Fleet divides in two between Atlantic and Pacific - six head for France and six contend with Cape Horn
Brian Thompson (Bahrain Team Pindar, pictured) rounded Cape Horn this morning at 03:15 GMT passing just two miles offshore from the legendary rock at the end of South America.
He reported later that he had seen some small islands not marked on his chart. Thompson should have had a spectacular view as the reward for the last few days of intense pressure in 50-60 knots winds, but he expects to be hit Friday by this tropical storm which has barreled across the Pacific and will affect Steve White today. It has been an ominous threat to the Pacific fleet since it hit Jean Pierre Dick off New Zealand. Thompson would like to do more work to his bow repair but needs to decide where and when that would be, but he notes that it requires calmer waters.
Thompson said the morning:
“It was great and really good to get past. I had the full amazing spectacle on the approach down the Chilean coast, I could see the mountains and the glacier, big clouds sitting over them and the dark squalls running across the seas. The sea is noticeably darker, almost black, over the continental shelf and with the white caps on the water it was quite spectacular. I went very close to the islands and found four islands, which were not supposed to be there. I could see the rock, really big, from about 28 miles out. I came in quite fast and then it got quite light. The change in the weather was very marked right at Cape Horn. I had, like, 10 knots and even 6 knots and I thought ‘oops a daisy I’ve got a bit close here’ but a I ghosted through and so cut the corner nicely.
“I had a good view of it, with the moon really high. It felt really good, but not as sweet as it should have done because I know we have this storm coming which looks like it will give us a bit of a kicking.”
Those still in the race are now equally divided in two between the Atlantic and Pacific. Six solo sailors are heading back up to Les Sables d’Olonne while six others still have the Horn to contend with. For Arnaud Boissières (Akena Vérandas) and Dee Caffari (Aviva), the Horn will be coming up later this evening (15 January). Caffari was 200 miles from the rock this morning and has been pushing hard, just 35 miles off the west Chilean coast. For them it will not represent the end of their suffering, as a violent storm is expected to hit them off Staten Island ( read previous story here ).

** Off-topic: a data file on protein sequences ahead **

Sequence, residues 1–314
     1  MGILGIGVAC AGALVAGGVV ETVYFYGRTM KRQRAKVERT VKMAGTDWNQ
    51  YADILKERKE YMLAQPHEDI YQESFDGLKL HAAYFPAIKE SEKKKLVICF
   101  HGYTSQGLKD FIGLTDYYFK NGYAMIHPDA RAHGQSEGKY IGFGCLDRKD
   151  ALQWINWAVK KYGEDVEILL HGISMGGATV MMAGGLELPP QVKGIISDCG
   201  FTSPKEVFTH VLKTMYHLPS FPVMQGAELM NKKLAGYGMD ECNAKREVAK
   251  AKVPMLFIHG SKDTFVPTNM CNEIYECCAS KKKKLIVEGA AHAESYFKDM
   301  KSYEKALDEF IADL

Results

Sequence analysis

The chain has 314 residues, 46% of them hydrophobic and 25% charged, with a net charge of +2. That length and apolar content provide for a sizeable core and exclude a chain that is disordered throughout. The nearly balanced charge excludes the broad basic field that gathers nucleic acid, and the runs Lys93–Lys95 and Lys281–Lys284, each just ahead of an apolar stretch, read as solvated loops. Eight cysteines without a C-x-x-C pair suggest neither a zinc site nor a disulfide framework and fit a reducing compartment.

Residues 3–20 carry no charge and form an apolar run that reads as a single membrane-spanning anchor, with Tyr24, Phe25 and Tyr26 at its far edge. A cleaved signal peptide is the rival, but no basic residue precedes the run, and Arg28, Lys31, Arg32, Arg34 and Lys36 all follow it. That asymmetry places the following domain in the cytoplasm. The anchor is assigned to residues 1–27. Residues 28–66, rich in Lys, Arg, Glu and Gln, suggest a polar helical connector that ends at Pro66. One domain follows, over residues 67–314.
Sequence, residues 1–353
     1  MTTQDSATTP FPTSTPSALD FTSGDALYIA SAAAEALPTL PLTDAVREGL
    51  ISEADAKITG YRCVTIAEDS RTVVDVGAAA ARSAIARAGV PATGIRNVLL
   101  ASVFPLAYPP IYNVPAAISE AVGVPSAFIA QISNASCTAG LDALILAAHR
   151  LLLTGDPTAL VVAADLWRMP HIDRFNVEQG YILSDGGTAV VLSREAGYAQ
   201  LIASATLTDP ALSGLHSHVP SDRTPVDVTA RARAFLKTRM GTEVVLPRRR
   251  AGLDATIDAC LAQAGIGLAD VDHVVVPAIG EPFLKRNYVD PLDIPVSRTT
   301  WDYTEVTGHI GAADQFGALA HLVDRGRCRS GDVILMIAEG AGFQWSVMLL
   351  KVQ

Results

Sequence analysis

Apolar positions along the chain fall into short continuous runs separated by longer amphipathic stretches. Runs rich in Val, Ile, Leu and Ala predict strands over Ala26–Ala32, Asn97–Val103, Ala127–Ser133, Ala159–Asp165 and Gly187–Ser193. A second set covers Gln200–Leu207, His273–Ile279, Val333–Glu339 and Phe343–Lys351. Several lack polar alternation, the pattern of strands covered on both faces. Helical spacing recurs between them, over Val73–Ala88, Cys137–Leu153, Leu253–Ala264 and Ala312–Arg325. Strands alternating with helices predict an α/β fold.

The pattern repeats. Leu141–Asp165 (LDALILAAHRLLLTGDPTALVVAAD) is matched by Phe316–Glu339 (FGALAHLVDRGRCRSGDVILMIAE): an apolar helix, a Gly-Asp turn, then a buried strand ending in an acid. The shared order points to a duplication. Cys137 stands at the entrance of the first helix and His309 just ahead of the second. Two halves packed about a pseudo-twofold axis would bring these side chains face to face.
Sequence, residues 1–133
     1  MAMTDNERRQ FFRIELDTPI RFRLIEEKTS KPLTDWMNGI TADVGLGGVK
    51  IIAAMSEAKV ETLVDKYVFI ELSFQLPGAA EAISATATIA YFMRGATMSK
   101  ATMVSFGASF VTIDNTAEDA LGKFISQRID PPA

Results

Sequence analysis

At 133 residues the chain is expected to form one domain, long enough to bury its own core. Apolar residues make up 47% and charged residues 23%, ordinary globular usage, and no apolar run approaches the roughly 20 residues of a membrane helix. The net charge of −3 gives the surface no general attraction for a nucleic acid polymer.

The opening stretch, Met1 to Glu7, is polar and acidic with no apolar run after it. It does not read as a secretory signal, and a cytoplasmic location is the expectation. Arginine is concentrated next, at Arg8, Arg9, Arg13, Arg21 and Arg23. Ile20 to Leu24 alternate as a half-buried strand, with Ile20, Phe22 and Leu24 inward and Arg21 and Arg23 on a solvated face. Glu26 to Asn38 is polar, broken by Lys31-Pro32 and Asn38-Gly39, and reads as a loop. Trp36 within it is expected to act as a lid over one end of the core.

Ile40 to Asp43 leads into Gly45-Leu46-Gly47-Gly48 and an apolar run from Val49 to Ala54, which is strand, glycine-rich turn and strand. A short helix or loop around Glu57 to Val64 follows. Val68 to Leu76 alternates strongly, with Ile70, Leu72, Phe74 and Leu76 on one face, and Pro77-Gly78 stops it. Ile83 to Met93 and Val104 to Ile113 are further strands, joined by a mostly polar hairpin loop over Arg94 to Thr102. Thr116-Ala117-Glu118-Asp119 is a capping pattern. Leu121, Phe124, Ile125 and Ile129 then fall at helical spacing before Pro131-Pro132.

Further north, after being watched by some intrigued spectators on a fishing boat, cargo ship and a small passenger ship, Marc Guillemot (Safran) said farewell to the Falklands after some exhausting work up his mast. In spite of spending four hours in 30-knot biting winds, his determination does not seem to have been affected.
In the lead now for thirty days, Michel Desjoyeaux (Foncia) has gained around thirty miles over his nearest rival, as he expected, although Roland Jourdain has not had to carry out so many changes of tack to get across the ridge of high pressure. After a day struggling in light airs, Armel Le Cléac’h (Brit Air) has finally reached the winds from the St. Helena high and should soon be feeling the tropical heat.
Steve White (Toe in the Water) continues to make good progress in lighter winds, the lull before he is hit by the tropical storm system later today. Rich Wilson (Great American III) has been making steady 9-10 knots towards the final ice gate, 650 miles away. And for the back markers there is now just three miles, in terms of distance to finish, between Norbert Sedlacek and Raphael Dinelli.